During this stage you get down to the business of analysing and interpreting the meanings of all your primary and secondary source material (documents, reports, newspaper accounts, books and articles), in the ways outlined in the previous sections of this course. As you do so you will be making notes towards your project report. In this connection, it is very important to write down full references for all the material you use as you read each item. Then you can easily find part
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7 Beliefs and theories

‘Authorities’ – critics, historians, philosophers and so forth – of course argue from their interpretations of what a work of art, an event or an idea means. And their judgements are based on certain beliefs – about the nature of the objects they study and about what they themselves do as readers and interpreters of them. From our discussion of ‘Meeting at Night’ you have seen what my beliefs are: that people can reach some understanding of a text through the proce
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1.1 Analysis, interpretation and evaluation

When you study a painting, for example, you take it apart to see how it ‘works’ as a painting. You analyse it ‘as it is in itself’, because this gives you many clues to what it might mean. But that analysis is complicated by the fact that the way we understand a painting itself changes over time. For instance, what a religious painting might have meant to the artist and his contemporaries in sixteenth-century Italy cannot be the same as it means to us now. We do n
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Learning outcomes

After studying this course, you should be able to:

  • understand aspects of human culture, past and present

  • analyse various ‘objects’, interpret their meaning and evaluate them.


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4 Supply and demand: Kiran's story

The first six months have just flown by. I've really enjoyed working with the two or three schools that I chose following my conversation with my friend who is a student. I feel that I have established a good reputation for reliability as well as keeping the classes moving forward in their work. My family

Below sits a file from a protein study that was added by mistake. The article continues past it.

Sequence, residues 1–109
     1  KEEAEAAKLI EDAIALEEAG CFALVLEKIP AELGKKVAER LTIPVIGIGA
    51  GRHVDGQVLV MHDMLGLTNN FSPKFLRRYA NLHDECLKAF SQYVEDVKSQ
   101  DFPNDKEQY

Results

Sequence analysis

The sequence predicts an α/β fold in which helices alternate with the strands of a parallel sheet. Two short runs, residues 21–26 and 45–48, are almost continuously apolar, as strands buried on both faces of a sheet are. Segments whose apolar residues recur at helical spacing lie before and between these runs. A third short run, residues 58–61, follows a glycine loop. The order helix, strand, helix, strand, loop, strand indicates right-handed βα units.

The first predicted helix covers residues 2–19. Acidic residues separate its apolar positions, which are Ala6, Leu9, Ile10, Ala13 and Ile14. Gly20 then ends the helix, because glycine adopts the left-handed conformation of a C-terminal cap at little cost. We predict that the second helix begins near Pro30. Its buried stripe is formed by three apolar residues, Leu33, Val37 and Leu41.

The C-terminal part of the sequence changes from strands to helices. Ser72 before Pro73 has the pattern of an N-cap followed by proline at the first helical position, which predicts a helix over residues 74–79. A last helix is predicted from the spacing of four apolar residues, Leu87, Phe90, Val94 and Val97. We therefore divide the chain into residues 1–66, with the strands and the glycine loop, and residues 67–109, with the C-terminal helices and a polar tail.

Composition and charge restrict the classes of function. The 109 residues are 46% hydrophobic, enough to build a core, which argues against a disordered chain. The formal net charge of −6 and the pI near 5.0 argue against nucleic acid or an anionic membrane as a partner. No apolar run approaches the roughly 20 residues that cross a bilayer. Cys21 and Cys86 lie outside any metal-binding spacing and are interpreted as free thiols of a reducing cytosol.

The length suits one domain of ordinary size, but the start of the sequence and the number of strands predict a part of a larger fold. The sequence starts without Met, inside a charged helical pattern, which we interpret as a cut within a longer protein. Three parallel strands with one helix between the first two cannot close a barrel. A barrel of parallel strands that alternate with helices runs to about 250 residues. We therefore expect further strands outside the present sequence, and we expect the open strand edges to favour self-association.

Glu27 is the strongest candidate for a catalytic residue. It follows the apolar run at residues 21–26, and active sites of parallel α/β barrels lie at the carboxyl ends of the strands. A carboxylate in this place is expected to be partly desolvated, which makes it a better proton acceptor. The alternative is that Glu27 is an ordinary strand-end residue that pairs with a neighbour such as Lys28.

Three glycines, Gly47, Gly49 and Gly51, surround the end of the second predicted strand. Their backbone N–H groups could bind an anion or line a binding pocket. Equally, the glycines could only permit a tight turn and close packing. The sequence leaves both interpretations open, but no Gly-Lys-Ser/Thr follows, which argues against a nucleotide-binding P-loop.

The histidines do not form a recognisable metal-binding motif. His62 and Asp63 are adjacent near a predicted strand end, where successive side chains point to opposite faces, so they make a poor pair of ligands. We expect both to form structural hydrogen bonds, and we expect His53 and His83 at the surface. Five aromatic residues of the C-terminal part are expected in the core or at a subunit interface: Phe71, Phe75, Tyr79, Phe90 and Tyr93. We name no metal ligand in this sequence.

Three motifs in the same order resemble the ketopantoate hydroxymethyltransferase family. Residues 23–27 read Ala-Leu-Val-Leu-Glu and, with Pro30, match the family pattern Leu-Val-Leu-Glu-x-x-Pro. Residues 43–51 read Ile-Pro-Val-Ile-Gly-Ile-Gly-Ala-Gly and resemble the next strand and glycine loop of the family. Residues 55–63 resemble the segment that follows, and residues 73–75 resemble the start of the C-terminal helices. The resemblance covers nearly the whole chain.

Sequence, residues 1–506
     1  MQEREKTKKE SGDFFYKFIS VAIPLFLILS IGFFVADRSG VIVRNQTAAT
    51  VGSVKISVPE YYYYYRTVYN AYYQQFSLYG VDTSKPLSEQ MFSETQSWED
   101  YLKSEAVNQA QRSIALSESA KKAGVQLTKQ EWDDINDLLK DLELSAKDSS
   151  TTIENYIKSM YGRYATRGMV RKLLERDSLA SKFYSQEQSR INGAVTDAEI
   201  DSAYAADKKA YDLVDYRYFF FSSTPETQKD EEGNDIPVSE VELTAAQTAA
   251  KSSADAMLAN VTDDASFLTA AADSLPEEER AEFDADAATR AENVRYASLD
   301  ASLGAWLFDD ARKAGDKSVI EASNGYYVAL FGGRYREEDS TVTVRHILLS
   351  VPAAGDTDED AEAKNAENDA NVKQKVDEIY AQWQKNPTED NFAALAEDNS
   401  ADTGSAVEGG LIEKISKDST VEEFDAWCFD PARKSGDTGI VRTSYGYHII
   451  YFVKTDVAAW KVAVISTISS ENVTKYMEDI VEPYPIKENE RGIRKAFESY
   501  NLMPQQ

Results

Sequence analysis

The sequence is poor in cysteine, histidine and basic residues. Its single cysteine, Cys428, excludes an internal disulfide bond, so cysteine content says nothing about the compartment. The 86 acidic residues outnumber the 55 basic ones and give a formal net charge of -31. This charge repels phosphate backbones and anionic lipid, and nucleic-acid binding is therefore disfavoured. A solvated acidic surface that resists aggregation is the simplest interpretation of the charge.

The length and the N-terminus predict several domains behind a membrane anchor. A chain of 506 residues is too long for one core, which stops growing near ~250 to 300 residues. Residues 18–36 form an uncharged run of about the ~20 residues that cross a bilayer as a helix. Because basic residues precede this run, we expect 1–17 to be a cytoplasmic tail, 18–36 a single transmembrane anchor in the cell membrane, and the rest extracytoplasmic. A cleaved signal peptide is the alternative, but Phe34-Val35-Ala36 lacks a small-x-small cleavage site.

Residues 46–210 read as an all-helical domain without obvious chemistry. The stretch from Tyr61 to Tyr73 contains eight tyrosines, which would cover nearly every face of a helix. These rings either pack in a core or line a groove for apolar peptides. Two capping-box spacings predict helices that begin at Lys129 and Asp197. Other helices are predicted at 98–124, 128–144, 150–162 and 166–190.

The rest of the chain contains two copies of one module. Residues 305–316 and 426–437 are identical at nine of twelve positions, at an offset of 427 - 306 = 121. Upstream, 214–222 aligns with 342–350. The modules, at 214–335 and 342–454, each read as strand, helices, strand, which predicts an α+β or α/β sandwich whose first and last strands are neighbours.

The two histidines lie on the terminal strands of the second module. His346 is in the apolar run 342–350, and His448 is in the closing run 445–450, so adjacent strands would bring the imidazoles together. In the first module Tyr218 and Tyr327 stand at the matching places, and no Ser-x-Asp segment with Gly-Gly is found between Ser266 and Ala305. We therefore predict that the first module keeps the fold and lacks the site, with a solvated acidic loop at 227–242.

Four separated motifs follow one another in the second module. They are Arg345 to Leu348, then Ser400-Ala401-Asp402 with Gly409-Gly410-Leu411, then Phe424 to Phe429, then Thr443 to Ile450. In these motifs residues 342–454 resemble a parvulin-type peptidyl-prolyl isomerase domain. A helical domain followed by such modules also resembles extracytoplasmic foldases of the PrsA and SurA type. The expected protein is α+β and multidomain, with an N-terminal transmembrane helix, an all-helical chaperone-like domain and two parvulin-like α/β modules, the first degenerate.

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7.2.1 Mean, median and mode

The mean, median and mode are all types of average and are typical of the data they represent. Each has advantages and disadvantages, and can be used in different situations, but they all give us an idea of the general size of the values involved. Here we provide brief definitions, and some idea of when each should be used.

The following set of data is the number of miles (to the nearest mile) walked in a week by a group of students. You are going to look at how to calculate the mean, m
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7.1 Introduction

Charts, graphs and tables are all very helpful ways of representing a set of data. However, they are not the only ways of passing on information about data. This section looks at how you can analyse a set of data to summarise the given information as briefly and simply as possible.

Essentially, there are two features of a set of data that enable summarising: the average and the spread. This section starts by looking at what is meant by ‘average’. If you have already studied Worki
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5.2.1 Discrete variables

The charts about different modes of transport and that on attendance figures at a range of cultural events all use what might be called ‘word categories’. Each category (e.g. bus, rail, cycle, and walk) is quite distinct from any other in the set of categories. Such distinct categories are known in mathematics as ‘discrete variables’.

Word categories are not the only type of variable that is discrete; numbers can also be discrete. For example, at the beginning of this section, w
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4.1.1 When are line graphs used?

A line graph shows a relationship between two variables. In other words, it shows how one thing varies by comparison to another. For example, a distance-time graph shows distance varying against the time of day, or the start time of a journey. The distance increases when a vehicle is moving but remains the same when the vehicle is stationary.


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4.1 What is a line graph?

This section covers line graphs. We define the format, give some ideas about when it should be used, and draw some graphs. You can have a go at drawing a line graph in Activity 6, based on data that we supply.

A line graph, at its simplest, is a diagram that shows a line joining several points, or a line that shows the best possible relationship between the points. Sometimes the line will go through all of the points, and sometimes it will show the best possible fit. The line does not h